Examples of this polymeric material include synthetic polymers such as polymers obtained by polymerizing or copolymerizing one or more monomers selected from carboxyl-containing monomers, sulfo-containing monomers, salts of these, and the like and polymers obtained by copolymerizing the above monomers with other monomers, and further include polymers obtained by partly or wholly hydrolyzing hydrolyzable polymers such as polymers of acid anhydrides, e.g., acrylic anhydride, maleic anhydride, citraconic anhydride, and dimethylmaleic anhydride, and polymers of (meth)acrylic esters.

Examples of the carboxyl-containing monomers include acrylic acid, α-substituted acrylic acids (α-substituent: alkyl groups, halogens, formamido, acetamido, benzamido, phenylacetamido, carbobenzyloxyamido, carboethoxyamido, chloroacetamido, phthalimido, etc.), β-substituted acrylic acids [β-substituent: methyl (crotonic acid), phenyl (cinnamic acid), etc.], and unsaturated dibasic acids [itaconic acid (α-carboxymethylacrylic acid), maleic acid, fumaric acid, etc.]. Examples of the sulfo-containing monomers include vinylsulfonic acid, styrenesulfonic acid, and sulfoalkylacrylamides (alkyl: alkylene groups having 2 to 6 carbon atoms).

Examples of the polymeric material for use in the present invention include synthetic polymers other than those shown above, such as condensation polymers, e.g., polyamides and polyesters, and carboxylated urethane acrylates. Also usable are natural polymers such as various polymers having carboxyl or sulfo groups in the molecule and modifications thereof such as carboxymethyl cellulose. Materials having the property of curing by the action of heat or light may also be used, which are obtained by mixing those various polymers with a curable ingredient such as a polymerizable monomer, e.g., acrylic acid dimer or pentaerythritol triacrylate, or an oligomer thereof. In the case of preparing such a curable material, the mixture as a whole is regulated so as to have the weight-average molecular weight and acid value as specified above.

In the present invention, such a polymeric material is applied by an appropriate means, e.g., a spin coater, on a resist film image present on an article, e.g., a semiconductor substrate. The resultant coating is subjected to a desired drying step according to the components of the polymeric material, etc., and especially in the case of a curable material, further to a suitable curing treatment. Thereafter, the coating film is peeled as a united sheet including the resist material. For the purpose of facilitating this peeling, a backing material may be applied to the surface coated with the polymeric material. By peeling this backing material, the coating film can be peeled as a united sheet including the resist material.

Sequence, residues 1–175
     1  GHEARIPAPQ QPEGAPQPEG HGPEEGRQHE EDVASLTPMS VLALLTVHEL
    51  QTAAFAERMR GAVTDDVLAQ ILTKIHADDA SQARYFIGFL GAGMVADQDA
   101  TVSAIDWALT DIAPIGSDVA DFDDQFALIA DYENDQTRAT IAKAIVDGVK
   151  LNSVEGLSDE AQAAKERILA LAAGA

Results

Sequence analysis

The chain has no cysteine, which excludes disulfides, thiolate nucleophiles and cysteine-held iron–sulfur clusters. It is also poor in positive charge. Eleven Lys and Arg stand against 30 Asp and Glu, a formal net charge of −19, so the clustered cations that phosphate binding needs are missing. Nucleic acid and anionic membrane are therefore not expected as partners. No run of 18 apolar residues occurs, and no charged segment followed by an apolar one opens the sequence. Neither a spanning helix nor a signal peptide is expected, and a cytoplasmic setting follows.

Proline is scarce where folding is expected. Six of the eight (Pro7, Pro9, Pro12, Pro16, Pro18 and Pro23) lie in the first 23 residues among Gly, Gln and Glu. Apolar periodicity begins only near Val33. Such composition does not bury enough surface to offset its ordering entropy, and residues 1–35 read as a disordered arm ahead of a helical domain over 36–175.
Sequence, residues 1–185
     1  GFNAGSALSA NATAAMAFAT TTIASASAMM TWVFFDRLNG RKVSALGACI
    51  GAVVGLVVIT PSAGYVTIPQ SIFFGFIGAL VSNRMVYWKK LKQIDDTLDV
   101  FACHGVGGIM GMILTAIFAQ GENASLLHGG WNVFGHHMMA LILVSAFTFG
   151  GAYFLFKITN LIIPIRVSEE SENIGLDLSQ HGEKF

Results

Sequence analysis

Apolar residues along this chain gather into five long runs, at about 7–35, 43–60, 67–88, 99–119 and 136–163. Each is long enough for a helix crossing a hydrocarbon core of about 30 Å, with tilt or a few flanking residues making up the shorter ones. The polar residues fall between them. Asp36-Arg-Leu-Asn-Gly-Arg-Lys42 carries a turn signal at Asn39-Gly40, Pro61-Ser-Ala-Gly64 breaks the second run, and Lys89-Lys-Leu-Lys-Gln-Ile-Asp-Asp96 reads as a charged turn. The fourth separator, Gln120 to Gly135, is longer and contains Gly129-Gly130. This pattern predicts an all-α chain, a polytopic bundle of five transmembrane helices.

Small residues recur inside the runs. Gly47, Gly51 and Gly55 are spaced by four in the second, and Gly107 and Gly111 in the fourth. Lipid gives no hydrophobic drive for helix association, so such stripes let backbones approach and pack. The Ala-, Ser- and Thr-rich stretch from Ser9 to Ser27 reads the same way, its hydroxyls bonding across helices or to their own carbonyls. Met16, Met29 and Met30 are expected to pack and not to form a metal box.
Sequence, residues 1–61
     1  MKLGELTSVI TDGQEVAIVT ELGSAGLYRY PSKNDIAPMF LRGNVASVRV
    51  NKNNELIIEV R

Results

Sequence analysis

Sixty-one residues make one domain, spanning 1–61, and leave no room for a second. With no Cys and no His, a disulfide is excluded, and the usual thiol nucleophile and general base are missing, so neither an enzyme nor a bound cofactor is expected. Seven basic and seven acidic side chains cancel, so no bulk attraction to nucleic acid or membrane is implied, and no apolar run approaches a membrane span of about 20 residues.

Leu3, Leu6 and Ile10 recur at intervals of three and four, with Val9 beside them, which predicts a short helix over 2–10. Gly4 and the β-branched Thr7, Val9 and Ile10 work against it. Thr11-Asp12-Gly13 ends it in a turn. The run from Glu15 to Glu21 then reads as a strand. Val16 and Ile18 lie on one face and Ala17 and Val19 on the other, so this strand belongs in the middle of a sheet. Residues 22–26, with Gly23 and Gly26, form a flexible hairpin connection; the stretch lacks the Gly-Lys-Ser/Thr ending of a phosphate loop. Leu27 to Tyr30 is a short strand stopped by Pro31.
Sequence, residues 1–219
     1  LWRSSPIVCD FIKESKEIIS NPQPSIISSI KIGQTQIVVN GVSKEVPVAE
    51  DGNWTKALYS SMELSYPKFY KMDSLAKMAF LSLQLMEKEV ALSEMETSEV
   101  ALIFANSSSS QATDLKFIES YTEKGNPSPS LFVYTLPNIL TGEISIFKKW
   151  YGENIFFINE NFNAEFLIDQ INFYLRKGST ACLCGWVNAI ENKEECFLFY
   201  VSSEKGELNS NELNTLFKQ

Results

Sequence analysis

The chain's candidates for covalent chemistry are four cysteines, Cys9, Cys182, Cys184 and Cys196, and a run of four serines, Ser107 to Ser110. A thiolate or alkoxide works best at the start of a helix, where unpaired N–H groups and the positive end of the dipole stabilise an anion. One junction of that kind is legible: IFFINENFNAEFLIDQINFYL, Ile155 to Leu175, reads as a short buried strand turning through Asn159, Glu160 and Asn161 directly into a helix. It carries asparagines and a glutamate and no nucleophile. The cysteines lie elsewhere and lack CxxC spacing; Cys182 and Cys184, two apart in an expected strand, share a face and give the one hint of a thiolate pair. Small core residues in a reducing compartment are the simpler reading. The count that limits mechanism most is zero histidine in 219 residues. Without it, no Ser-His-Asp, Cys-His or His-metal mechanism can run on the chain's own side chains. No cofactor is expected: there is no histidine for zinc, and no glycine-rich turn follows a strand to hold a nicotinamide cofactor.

In the present invention, it is possible to produce an adhesive sheet in the form of sheet, tape, or the like which comprises the polymeric material described above and to use this adhesive sheet to conduct the same peeling operation as the above. For producing the adhesive sheet, a substrate such as a nonwoven fabric or a plastic film is used and the above-described polymeric material is coated on or transferred to the substrate to form a layer of the polymeric material usually in a thickness of about from 5 to 100 μm. The adhesive sheet thus produced is applied to a resist film image present on an article, e.g., a semiconductor substrate. The sheet applied is preferably subjected to a heating or pressing treatment in order to enhance adhesion to the image. In the case of a curable material, a suitable curing treatment is conducted. Thereafter, the adhesive sheet is peeled as a united sheet including the resist material.

According to the peeling of a coating film or adhesive sheet and a resist material as a united sheet comprising both, the resist film image is easily peeled off without fail, because of the excellent adhesion to the resist material and satisfactory film strength of the polymeric material which are attributable to the above-described properties of the polymeric material.

EXAMPLES

The present invention will be explained below by reference to Examples. Hereinafter, all "parts" are by weight.

Example 1-1

A resist material comprising a novolac and naphthoquinonediazide was applied on the surface of a silicon wafer (semiconductor substrate). Heating, exposure, and development were conducted to form a resist pattern on the whole wafer surface. Thereafter, arsenic ions were implanted in the whole surface at an accelerating energy of 80 keV in a dose of 11016 ions/cm2.